It was this second kind of connection that resulted when I visited Prescott Arizona recently, first in June, and again in August.

Although it is a heritage-rich town, it wasn’t specifically Prescott. It wasn’t Arizona, as textured as her culture. It was the library at Embry-Riddle Aeronautical University where my son is now going to college.

What they have done there, is build that library in an environment for learning that goes beyond the books, the computers, the resources, the very high-tech models and simulators (you needn’t have old history to have sense of place) the walls, and yes, even beyond the people, as fascinating as the ERAU community is. When you are standing in that library — and it’s not a quiet library, it’s a very active and vibrant one — you know you have to learn something; you have to become a student again. Oddly, what you learn is not really important. You’ve just got to have the learning experience. You’ve got to let it happen to you. You’ve got to give in to learning.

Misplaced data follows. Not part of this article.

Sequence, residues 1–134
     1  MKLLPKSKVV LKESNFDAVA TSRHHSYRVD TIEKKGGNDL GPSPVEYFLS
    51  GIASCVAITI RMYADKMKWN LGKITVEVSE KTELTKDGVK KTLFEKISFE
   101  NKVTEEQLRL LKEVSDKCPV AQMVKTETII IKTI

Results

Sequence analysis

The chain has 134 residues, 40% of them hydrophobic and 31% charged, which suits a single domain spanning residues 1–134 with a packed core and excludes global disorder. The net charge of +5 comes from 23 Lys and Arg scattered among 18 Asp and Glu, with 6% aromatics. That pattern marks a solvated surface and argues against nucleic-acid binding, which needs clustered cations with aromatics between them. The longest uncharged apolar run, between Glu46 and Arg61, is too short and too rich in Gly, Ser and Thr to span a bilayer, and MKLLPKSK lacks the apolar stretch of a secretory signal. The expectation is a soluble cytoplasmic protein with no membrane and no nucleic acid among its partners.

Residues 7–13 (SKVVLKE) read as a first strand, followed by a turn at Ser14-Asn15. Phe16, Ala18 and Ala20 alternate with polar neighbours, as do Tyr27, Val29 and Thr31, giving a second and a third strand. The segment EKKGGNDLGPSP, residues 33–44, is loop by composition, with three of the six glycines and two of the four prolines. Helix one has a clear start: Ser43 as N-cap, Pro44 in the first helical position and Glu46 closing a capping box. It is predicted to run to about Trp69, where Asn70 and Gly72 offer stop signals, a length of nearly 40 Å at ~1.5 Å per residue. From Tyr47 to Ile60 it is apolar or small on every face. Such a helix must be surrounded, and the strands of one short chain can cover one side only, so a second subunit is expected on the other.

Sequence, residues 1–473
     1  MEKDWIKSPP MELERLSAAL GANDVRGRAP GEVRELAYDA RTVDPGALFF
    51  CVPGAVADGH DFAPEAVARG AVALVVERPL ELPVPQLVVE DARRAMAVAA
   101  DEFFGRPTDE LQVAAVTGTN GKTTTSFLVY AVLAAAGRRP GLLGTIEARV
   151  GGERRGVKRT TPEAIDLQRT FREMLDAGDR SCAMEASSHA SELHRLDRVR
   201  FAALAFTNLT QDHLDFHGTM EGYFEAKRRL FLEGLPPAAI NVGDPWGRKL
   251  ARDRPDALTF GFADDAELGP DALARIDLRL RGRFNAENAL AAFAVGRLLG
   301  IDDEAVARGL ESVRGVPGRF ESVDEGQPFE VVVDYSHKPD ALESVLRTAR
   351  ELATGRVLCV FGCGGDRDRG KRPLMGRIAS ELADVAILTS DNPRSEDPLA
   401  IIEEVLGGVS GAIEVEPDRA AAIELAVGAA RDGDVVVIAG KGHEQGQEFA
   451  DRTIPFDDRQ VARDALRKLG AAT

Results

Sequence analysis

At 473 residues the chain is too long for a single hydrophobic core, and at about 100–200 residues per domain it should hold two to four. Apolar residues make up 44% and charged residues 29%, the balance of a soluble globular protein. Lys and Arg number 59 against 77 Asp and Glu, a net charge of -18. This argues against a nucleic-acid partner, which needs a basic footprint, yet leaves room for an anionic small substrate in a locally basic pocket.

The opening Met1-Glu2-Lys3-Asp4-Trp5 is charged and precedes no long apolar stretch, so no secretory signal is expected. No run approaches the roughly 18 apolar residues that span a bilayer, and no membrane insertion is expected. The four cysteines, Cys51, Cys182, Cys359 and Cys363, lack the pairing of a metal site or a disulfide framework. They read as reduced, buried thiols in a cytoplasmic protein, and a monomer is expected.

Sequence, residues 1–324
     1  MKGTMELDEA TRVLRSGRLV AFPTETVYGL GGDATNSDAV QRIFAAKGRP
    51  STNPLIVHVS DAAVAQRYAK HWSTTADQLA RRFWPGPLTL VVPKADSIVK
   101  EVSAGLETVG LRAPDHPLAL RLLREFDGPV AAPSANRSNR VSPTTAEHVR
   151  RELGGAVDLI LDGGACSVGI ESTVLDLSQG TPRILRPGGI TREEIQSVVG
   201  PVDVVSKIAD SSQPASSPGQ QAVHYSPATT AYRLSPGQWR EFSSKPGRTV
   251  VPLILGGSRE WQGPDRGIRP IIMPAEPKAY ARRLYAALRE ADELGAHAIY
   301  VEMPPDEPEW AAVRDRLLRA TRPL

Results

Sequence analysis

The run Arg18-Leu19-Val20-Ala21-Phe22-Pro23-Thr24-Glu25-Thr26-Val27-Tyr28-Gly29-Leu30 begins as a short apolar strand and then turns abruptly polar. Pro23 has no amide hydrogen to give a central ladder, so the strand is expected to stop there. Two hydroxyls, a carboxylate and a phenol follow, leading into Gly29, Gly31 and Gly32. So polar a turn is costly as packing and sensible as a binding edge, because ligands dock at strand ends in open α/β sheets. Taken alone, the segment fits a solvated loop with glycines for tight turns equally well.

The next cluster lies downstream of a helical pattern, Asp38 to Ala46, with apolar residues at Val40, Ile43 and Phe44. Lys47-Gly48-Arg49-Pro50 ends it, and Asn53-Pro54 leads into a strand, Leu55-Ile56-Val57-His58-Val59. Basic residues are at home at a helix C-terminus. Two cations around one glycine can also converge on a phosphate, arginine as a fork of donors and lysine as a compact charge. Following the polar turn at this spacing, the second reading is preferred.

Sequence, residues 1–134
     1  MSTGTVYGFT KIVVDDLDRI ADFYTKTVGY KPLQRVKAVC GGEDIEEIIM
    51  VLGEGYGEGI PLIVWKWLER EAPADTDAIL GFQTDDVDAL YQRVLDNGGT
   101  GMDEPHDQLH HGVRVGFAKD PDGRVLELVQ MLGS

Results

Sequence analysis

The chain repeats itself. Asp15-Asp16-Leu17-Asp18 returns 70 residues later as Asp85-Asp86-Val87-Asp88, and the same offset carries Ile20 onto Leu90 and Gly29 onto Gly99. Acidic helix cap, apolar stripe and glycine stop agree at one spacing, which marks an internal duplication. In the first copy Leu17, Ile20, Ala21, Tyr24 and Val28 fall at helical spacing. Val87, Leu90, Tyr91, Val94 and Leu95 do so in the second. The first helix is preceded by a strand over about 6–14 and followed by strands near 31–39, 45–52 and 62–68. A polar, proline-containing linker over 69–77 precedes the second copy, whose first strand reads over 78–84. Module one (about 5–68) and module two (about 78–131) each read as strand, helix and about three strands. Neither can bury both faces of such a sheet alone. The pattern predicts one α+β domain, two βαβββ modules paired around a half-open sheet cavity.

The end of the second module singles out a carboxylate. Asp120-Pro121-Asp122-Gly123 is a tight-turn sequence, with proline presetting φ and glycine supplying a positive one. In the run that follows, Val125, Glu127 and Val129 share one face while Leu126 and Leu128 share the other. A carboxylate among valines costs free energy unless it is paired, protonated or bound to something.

When I first left Prescott in June I’d started to sense it, but I didn’t quite get it. I was distracted a bit in watching all the kids, and in seeing the concentration in their faces. Then I finally figured out that was part of it — it wasn’t concentration, it was the serenity of being in the right place, at the right time, for the right reason. Learning serenity.

In August part of the parent teacher orientation was held there in the library, and I could have sat there in that uncomfortable hard-backed wooden chair forever. I was quite rude to the speaker, the Dean of Students, for I ignored him completely, and wrote our September Ho‘ohana on the back of his handout. Maybe he thought I was taking a lot of notes ” that’s a nicer thought.